Saturday, April 5, 2014

Revelation: Is Jesus Coming Quickly?

Is The Time of Revelation “At Hand”?

Why is it that several times in the Revelation does it appear that the events will take place “shortly” (1:1), that Jesus will be coming back “quickly” (Rev. 22:7, 12, 20) and that the time was “at hand” (1:3).
We know that the Bible is without error or mistake. Otherwise, if we say the Bible or the author was in error, then there would be nothing that we could be sure of at all. We rightly know that the Bible is not dishonest and does not “shade” the truth. But if there is more than one way to read and interpret a passage and at the same time retain its veracity and accuracy, and also still retain the holiness and inerrancy of the Scriptures, and keep its consistency with other parallel passages, then that will be the proper and appropriate interpretation of the passage. That especially applies with the words in relation to the timing of Christ’s return and the fulfillment of the Book of Revelation.
It is a matter of God’s perspective and purpose versus our own perspective and purpose that God used words that may imply “immediacy” of Christ’s return to ensure readiness of the believers, but those same words can also mean “imminence” or “suddenness” so as to retain the accuracy of the prophecy.
In relation to perspective and purpose, a helpful but admittedly incomplete analogy can be in thinking of how parents and children will view a long car trip. A child will ask, sometimes as soon as he or she begins a trip, “are we there yet?” or “how much longer will it be?” When Melissa and I would make that trip from our home in Brownsville to Grandma and Granddad’s house in Weatherford, the journey of 10 or 12 hours would sometimes seem overwhelming to our children. In fact, the younger the child, the shorter the attention span (we measured it to be somewhere between a millisecond and a nanosecond). The more mature the child (or in some cases, the parent), the less tedious the wait. So, what was our response to the proverbial question “how much longer? It was of course the proverbial euphemistic answer, “Just a little bit longer.”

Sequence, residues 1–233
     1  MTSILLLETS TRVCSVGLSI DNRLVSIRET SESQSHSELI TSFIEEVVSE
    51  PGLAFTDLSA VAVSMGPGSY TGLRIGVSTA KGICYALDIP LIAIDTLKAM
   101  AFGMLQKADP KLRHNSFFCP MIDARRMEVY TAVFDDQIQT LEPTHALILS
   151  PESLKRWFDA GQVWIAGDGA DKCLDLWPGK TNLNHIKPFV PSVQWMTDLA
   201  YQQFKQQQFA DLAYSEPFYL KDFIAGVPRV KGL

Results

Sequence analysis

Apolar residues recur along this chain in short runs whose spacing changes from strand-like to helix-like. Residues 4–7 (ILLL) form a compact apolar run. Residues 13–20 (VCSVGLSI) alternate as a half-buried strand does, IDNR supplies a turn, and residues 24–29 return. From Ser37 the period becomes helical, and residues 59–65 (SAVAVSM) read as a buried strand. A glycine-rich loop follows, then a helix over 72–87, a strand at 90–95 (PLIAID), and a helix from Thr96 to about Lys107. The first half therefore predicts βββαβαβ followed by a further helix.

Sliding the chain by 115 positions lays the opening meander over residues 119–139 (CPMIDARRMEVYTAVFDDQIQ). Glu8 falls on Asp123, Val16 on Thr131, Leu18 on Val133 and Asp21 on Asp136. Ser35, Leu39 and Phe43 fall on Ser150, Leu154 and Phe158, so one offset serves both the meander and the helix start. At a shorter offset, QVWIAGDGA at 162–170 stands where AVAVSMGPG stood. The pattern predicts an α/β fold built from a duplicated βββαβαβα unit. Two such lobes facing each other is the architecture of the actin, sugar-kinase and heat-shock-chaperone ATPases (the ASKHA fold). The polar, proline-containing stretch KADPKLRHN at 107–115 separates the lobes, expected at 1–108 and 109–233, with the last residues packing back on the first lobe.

Now the purpose is to lie or be dishonest with our kids, but to give them encouragement; we really did not want to frustrate the little ones. The purpose is to let the child know that in the long-run, and in the grand scheme of things, it will in fact only be “a little bit longer.” The purpose is to keep the child from the agony of anticipating something that really won’t be as long as what he or she would imagine once the end of the journey has come. And, by saying “just a little bit longer” actually served the purpose of making the trip seem only “a little bit longer.” The anticipation of a soon arrival helped make the journey enjoyable (especially for the parents!)
The perspective also is that for an adult, who has made many trips before, 10 or 12 hours is in fact actually only “a little bit,” when considering how wonderful the destination will be and in perspective that the length of time the adult has experienced. A day’s journey for a person of 40 years is 1 out of 14,610 days. But from the perspective of a 4 year-old child, a day’s journey is 1 out of 1,461 days, and when you discount the number of days that the child can’t remember from infancy, the perspective of a day is even greater than that of his 40 year-old father. That’s why years go by so quickly as we grow older, and Christmas always seems to never get here for a child. It’s a difference in perspective.
It’s more important to God and His revelation to humanity that we know the certainty of His return than the time of His return. The purpose and perspective of believers is of greater worth to God that we be ready whenever it is that He returns than for us to know the exact hour of His return.